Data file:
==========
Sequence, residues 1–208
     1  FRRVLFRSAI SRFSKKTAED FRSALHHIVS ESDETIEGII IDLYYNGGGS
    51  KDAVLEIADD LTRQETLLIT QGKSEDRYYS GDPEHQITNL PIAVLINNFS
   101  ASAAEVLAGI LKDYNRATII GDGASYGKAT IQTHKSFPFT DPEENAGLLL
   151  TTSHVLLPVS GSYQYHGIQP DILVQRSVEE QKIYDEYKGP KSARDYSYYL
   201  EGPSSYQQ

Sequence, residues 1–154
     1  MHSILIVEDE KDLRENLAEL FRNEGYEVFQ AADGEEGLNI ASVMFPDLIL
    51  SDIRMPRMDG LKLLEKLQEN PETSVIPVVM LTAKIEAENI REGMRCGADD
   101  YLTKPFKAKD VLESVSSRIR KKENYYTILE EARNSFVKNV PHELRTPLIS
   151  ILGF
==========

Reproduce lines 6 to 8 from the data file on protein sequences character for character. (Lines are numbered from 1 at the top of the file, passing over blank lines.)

   201  EGPSSYQQ

Sequence, residues 1–154
     1  MHSILIVEDE KDLRENLAEL FRNEGYEVFQ AADGEEGLNI ASVMFPDLIL